05/04/2009 - The recent salmonella outbreaks in peanuts and pistachios revealed a lot about the inability of the Food and Drug Administration to nip such problems in the bud. The FDA is responsible for "protecting the public health by assuring the safety, efficacy, and security of . . . our nation's food supply," yet it doesn't have the authority to order product testing, require that test results be shared with the agency or issue a mandatory recall when a facility moves too slowly -- if at all -- in getting tainted products off the shelves. Legislation to augment its authority is flowing through Congress like peanut butter. The concern is such that private companies and nonprofit groups alike have been pressing for action on food safety legislation in recent meetings with congressional leaders.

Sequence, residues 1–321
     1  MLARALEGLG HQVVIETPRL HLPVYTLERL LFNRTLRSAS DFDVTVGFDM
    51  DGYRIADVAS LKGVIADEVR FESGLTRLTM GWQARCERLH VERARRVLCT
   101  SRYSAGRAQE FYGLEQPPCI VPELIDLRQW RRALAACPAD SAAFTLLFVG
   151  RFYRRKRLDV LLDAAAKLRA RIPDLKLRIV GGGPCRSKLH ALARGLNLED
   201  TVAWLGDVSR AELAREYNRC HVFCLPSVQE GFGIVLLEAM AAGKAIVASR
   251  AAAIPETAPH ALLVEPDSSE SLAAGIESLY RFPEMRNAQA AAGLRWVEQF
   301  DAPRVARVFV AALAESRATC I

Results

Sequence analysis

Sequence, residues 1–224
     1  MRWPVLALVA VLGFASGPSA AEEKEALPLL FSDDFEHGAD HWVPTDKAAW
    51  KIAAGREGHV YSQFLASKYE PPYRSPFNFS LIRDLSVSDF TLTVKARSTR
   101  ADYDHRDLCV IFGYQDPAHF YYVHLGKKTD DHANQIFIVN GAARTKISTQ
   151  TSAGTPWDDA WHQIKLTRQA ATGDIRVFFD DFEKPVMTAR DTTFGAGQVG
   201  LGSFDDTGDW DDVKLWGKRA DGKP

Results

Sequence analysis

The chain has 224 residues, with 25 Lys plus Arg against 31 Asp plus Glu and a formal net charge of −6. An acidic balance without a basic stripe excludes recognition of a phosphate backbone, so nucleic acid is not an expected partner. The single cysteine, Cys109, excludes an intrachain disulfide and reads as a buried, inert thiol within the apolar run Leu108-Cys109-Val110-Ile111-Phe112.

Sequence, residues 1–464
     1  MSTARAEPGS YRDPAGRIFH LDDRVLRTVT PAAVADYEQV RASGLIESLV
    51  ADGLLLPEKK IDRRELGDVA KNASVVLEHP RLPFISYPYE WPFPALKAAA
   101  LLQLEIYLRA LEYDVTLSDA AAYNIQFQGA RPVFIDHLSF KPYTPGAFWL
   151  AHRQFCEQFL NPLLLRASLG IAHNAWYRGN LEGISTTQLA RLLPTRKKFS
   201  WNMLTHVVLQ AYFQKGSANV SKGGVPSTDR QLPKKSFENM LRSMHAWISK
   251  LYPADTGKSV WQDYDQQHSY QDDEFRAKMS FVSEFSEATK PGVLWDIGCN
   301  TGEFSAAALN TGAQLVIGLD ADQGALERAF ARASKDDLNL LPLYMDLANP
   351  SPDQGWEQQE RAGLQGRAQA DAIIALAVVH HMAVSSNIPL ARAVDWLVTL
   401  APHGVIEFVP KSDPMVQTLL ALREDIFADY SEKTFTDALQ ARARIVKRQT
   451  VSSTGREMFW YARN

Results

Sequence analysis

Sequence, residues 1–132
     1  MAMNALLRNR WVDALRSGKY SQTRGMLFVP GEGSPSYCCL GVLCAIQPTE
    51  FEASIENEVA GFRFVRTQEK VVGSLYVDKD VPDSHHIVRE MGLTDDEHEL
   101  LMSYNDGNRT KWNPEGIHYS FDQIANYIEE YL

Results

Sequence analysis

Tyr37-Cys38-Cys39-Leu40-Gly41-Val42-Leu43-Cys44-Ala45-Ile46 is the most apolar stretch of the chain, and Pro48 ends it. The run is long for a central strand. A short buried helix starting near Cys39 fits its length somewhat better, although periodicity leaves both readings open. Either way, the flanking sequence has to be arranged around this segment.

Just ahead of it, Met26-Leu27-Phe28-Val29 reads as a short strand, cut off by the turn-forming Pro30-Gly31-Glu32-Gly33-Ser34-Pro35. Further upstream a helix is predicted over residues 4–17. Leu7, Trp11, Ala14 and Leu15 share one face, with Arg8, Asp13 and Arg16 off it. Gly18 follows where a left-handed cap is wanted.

Thank the aggressive food safety system at Kraft Foods for last month's recall of the entire 2008 pistachio crop of Setton Pistachio of Terra Bella in California. Internal testing by Kraft between December 2007 and last month found salmonella in a trail mix made from those pistachios. Kraft voluntarily informed the FDA of the positive salmonella test results on March 23 after it was able to link them to Setton's pistachios. There have only been two complaints of illness and no deaths reported.
Read the full editorial A Tale of Two Scares on the The Washington Post's Web site.